This review has been republished as part of our Headline Bikes test, where we put eight trend-setting mountain bikes for 2023 through their paces. Read more about the bikes setting the trend for the year ahead. The Santa Cruz Nomad C GX AXS RSV is designed to tackle everything from big bike-park lines to enduro racing. This latest sixth-generation version of the Nomad is slack, rugged and ready to rip. With a mullet-wheel setup, the gravity-focused bike is intended to be more versatile than previous incarnations. Changes to the suspension kinematics and geometry are intended to deliver a balance between long-travel bike stability and the kind of agility Nomad riders have come to expect.
Santa Cruz Nomad C GX AXS RSV Coil frame
The carbon frame is available in Santa Cruz’s C or CC construction. Available in carbon fibre only – with the choice of Santa Cruz’s C or lighter CC construction – each frame size has a specific layup that influences its stiffness. A Glovebox storage port is built into the down tube, containing two tool bags.
Maxxis provides an Assegai for the front and a Minion at the rear. The new mullet wheel setup (29in front, 27.5in rear) improves rollover and traction. This is combined with lower anti-squat, to minimise harshness over square-edged hits (at the sacrifice of a little pedalling efficiency) and a lower starting leverage rate. This is intended to better support body-weight movements and maintain geometry stability.
Santa Cruz Nomad C GX AXS RSV Coil geometry
All sizes share the same 63.8-degree head angle. In the ‘low’ setting, our large frame has a 472mm reach, 77.6-degree effective seat tube angle, 343mm bottom bracket height and 444mm (size-specific) chainstays. A flip chip on the lower link of the VPP suspension enables you to steepen the head angle by 0.3 degrees and the seat tube angle by between 0.2 and 0.3 degrees. You can also add 3mm to the bottom bracket height and reach, and lop 1mm off the rear centre.
|Hi / Lo||Hi / Lo||Hi / Lo||Hi / Lo||Hi / Lo|
|Seat angle (degrees)||77.2 / 77||77.4 / 77.2||77.9 / 77.6||77.8 / 77.5||77.7 / 77.5|
|Head angle (degrees)||63.8 / 63.5||63.8 / 63.5||63.8 / 63.5||63.8 / 63.5||63.8 / 63.5|
|Rear centre (mm)||439 / 440||440 / 441||443 / 444||446 / 447||450 / 451|
|Seat tube (mm)||380 / 380||405 / 405||430 / 430||460 / 460||500 / 500|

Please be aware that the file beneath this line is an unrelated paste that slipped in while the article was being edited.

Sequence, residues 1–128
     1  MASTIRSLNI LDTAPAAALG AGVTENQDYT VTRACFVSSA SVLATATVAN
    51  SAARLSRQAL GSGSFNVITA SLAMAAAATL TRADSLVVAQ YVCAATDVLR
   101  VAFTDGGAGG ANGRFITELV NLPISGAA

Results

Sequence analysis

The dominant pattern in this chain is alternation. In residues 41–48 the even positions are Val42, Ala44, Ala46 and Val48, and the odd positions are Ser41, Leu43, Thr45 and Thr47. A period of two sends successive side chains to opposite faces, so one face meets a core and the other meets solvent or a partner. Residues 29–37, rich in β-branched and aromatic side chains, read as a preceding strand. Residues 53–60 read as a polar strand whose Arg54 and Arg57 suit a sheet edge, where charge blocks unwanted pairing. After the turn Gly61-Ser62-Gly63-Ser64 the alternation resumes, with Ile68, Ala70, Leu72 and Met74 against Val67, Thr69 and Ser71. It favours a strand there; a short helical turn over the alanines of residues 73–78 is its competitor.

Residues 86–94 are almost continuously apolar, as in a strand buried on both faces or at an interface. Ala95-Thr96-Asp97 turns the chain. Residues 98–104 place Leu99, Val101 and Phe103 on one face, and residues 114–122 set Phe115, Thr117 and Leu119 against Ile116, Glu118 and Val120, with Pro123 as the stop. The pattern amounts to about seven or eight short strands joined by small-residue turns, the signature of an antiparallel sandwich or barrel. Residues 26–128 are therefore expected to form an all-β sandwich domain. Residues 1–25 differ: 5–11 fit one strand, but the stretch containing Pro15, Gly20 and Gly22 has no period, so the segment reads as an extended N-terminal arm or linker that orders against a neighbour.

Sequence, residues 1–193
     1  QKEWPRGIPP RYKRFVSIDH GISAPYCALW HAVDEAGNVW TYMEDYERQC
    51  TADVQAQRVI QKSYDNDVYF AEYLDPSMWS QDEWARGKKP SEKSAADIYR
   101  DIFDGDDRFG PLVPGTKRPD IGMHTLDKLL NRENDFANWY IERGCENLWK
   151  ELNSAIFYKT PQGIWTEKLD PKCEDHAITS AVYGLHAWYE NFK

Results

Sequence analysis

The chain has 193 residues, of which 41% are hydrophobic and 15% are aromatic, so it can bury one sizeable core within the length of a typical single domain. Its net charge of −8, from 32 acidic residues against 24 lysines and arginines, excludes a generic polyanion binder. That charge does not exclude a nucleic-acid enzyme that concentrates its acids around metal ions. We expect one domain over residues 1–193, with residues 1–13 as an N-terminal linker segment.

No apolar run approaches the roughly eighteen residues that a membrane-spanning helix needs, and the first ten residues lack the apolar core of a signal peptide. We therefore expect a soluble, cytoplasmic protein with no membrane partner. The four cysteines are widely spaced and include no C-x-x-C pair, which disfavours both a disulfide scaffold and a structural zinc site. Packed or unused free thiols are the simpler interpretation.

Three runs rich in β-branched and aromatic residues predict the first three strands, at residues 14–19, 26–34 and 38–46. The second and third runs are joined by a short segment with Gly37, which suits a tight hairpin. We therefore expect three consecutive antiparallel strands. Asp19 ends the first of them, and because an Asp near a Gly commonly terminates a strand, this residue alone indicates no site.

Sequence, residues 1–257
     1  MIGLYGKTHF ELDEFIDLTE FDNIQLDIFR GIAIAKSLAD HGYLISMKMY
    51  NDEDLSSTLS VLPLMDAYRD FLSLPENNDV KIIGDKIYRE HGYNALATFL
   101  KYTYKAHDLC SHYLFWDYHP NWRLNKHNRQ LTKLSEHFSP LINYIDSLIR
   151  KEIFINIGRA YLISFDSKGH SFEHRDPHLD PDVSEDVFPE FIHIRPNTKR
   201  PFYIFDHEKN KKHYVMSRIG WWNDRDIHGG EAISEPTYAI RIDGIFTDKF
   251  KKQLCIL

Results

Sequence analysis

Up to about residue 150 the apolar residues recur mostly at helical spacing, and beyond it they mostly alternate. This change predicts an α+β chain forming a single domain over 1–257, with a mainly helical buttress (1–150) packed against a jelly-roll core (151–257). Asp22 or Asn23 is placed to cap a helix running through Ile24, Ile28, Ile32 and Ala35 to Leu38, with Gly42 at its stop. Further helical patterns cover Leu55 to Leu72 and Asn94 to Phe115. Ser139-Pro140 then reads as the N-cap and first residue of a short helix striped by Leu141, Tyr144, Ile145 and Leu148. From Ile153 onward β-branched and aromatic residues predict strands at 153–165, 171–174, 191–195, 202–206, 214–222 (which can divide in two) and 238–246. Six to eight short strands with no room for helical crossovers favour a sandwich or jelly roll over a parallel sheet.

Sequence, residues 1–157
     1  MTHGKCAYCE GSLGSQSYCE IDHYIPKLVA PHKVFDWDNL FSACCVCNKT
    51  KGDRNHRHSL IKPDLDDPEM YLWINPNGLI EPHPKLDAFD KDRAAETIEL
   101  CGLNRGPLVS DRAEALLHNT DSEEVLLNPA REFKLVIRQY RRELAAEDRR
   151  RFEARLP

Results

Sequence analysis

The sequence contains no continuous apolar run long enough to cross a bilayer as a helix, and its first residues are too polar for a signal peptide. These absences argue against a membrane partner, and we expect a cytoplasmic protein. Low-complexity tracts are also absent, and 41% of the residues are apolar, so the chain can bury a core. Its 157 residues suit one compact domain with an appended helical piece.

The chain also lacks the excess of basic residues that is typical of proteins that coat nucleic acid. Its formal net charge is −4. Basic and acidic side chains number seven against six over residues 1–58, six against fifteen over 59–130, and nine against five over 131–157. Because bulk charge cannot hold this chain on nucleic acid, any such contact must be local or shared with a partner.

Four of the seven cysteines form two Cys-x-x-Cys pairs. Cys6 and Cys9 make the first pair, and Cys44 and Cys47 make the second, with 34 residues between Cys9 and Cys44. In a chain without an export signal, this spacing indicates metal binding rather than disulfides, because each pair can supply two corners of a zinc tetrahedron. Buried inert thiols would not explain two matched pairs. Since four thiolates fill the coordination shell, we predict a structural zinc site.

|Top tube (mm)||570 / 571||594 / 594||612 / 613||637 / 638||666 / 667|
|Head tube (mm)||90 / 90||100 / 100||115 / 115||135 / 135||150 / 150|
|Bottom bracket drop (mm)||27 / 30||27 / 30||27 / 30||27 / 30||27 / 30|
|Bottom bracket height (mm)||346 / 343||346 / 343||346 / 343||346 / 343||346 / 343|
|Wheelbase (mm)||1,209 / 1,209||1,239 / 1,240||1,269 / 1,270||1,301 / 1,302||1,336 / 1,337|
|Standover (mm)||709 / 705||716 / 713||723 / 719||722 / 717||725 / 720|
|Stack (mm)||616 / 618||625 / 627||638 / 640||656 / 658||670 / 672|
|Reach (mm)||430 / 427||455 / 452||475 / 472||495 / 492||520 / 517|
Santa Cruz Nomad C GX AXS RSV Coil specifications
The RockShox Super Deluxe Select+ Coil shock came with a 450lb/in spring. The GX AXS RSV Coil is one of the pricier builds in the new Nomad range, coming with SRAM’s GX Eagle AXS wireless shifting and Santa Cruz’s Reserve carbon wheels. You also get a Fox 36 Performance Elite fork and a RockShox Super Deluxe Select+ Coil shock. SRAM Code R brakes control your speed, while DoubleDown-casing Maxxis rubber is there to ward off punctures.
Santa Cruz Nomad C GX AXS RSV Coil ride impressions
The Nomad was given a thorough workout at the bike park and on some gnarly trails. I put the Nomad through its paces at Bike Park Wales and around the wilder off-piste trails of the UK’s South West region. For my 75kg weight, I set the forks up with 88psi, two volume spacers and high- and-low speed compression fully open. Low-speed rebound was at nine clicks from closed and high-speed rebound at six clicks from closed. The rear shock came fitted with a 450lb/in spring. Rebound damping was set to 15 clicks from closed, and hydraulic bottom-out was set to position three of five. I ran tyre pressures at 25psi rear and 21psi front. The only difficulty I found setting up the bike was reaching the shock’s rebound dial tucked away in the lower linkage.